By VICTOR KALALANDA
It seemed like 24th March, 2017 would forever remain grief-underscored in the archives of Zambian football: social media ran wild speculating that Rainford Kalaba was no more. It was a rumour. Shock waves had already rippled through the nation by the time official rebuttal statements were issued. Given the drama of the case, here was, for the whole world to see, a classic illustration of the evils and shortcomings of social media.
It was not Fool’s Day, but social media was at it again. The sole proprietor of Jersey number 17, Rainford Mupashi Kalaba, was rumored to have been found dead. Today, the proportions of the incident beg such questions as: which so-and-so broke the hoax? What were this person’s sources? Did he even bother verifying the news? If this person knew the news to be false, how come he misplaced his feelings for Kalaba in Congo and the family back home? And, come on, why would the whole lot of Facebook and the whole lot of whatsapp glory in scaremongering?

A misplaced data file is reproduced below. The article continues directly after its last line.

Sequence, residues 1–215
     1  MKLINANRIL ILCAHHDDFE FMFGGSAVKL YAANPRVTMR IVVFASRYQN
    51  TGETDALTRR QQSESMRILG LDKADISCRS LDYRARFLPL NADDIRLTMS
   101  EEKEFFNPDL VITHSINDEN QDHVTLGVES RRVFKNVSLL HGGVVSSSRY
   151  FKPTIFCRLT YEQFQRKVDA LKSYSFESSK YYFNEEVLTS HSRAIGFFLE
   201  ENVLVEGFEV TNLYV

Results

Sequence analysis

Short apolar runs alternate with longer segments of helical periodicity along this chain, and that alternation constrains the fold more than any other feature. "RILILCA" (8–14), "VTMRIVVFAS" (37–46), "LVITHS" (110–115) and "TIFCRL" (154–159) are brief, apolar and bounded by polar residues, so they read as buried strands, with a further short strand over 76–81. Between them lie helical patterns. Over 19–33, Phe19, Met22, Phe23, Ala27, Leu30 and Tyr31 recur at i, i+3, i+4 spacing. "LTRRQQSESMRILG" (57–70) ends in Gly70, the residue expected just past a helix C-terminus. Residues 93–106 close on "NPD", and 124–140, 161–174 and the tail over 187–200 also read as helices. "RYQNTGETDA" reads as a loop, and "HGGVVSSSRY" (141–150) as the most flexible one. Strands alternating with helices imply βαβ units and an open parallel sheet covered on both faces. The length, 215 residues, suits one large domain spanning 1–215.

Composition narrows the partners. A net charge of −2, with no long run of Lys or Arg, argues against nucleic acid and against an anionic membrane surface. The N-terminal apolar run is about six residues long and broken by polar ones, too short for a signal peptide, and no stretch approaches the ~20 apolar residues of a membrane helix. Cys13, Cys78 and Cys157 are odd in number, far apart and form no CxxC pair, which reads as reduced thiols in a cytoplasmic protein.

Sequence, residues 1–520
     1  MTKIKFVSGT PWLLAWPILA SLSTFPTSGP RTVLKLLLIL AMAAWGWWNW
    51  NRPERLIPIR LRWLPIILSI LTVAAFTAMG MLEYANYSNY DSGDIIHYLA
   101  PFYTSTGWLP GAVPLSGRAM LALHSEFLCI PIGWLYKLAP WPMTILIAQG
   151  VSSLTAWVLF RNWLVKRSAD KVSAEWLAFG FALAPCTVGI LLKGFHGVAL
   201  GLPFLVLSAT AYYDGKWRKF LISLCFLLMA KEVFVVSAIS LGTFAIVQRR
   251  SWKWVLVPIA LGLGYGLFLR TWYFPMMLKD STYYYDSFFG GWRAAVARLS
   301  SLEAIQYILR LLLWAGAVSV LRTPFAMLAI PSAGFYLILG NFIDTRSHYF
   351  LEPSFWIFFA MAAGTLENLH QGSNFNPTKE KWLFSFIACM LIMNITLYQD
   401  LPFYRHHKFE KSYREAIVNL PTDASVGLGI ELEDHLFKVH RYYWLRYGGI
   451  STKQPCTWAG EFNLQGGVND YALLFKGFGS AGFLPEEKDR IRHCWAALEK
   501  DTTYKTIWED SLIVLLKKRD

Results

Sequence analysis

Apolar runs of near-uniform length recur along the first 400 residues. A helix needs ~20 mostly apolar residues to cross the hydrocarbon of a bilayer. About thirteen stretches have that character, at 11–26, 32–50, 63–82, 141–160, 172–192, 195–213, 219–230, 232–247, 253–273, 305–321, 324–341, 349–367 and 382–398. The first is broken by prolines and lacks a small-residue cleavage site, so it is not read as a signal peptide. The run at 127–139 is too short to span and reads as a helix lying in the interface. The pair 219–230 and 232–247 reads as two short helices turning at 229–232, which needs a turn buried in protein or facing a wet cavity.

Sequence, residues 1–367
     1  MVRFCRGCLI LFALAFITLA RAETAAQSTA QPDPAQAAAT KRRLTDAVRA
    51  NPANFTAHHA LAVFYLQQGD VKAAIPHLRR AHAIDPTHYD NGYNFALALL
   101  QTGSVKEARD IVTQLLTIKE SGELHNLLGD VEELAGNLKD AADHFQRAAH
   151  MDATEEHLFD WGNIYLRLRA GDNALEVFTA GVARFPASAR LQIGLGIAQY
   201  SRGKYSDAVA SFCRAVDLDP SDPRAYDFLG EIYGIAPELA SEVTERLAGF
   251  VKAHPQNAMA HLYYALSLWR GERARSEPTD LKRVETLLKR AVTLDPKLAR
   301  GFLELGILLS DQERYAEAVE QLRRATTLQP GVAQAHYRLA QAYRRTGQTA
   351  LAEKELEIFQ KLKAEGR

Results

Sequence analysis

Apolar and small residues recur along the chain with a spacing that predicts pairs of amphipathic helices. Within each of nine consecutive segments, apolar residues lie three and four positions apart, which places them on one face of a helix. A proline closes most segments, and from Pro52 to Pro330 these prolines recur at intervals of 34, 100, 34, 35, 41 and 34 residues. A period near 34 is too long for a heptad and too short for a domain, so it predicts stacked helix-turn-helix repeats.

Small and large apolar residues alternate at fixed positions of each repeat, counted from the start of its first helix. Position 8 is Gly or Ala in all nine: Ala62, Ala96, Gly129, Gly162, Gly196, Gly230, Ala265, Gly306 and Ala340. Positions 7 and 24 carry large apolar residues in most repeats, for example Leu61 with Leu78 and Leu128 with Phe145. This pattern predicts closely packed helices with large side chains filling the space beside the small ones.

The fabrication of the century was broadcast. Comments such as, ‘Oh dear, gone too soon and r.i.p’ were either standing next to Kalaba’s recent photographs or placed at the bottom as captions to the legend’s 2012 AFCON pictures.
It set the national agenda for the day. People were talking about Kalaba’s pair of legs and reminiscing over the feeling that enveloped them as they watched him fly with the ball in the wings of football pitches, both home and away.
The full-time ardent Chipolopolo fan was making a parade of grief on his face. Had the loss of Kalaba been true, it would have entailed missing forever the vicarious thrill one got out of watching him puzzle defenders with nimble footwork.